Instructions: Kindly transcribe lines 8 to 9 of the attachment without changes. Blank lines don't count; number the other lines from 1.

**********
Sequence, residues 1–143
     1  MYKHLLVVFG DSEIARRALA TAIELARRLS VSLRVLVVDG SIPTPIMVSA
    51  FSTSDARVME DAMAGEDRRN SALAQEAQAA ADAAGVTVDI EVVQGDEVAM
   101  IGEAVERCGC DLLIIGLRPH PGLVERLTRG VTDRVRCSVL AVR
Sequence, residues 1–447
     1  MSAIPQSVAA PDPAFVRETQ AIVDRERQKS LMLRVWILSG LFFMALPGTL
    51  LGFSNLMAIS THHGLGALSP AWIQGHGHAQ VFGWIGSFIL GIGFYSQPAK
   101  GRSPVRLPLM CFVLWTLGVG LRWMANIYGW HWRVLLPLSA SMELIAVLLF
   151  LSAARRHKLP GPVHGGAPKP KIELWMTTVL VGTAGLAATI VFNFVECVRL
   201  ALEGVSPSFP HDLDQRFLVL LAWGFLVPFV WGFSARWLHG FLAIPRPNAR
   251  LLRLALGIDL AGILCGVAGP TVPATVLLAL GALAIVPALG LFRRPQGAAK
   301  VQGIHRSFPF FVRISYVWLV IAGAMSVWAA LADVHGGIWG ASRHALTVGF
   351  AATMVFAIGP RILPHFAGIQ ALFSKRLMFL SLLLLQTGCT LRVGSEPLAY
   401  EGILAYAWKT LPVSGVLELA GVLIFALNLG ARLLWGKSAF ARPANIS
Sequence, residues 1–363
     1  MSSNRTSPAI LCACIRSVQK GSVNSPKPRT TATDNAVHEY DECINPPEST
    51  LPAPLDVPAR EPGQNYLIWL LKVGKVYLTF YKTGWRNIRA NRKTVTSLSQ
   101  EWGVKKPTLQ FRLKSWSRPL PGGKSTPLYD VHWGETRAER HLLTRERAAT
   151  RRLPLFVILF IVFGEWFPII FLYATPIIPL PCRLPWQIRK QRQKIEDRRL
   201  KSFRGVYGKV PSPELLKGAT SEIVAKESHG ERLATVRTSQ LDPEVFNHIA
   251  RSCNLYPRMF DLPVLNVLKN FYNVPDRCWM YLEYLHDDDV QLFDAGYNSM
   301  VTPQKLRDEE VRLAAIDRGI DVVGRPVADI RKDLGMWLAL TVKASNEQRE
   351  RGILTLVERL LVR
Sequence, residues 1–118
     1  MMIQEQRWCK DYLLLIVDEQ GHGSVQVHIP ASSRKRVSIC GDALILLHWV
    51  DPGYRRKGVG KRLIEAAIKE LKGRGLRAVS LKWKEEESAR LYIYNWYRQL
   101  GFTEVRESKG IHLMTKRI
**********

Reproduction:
   101  GRSPVRLPLM CFVLWTLGVG LRWMANIYGW HWRVLLPLSA SMELIAVLLF
   151  LSAARRHKLP GPVHGGAPKP KIELWMTTVL VGTAGLAATI VFNFVECVRL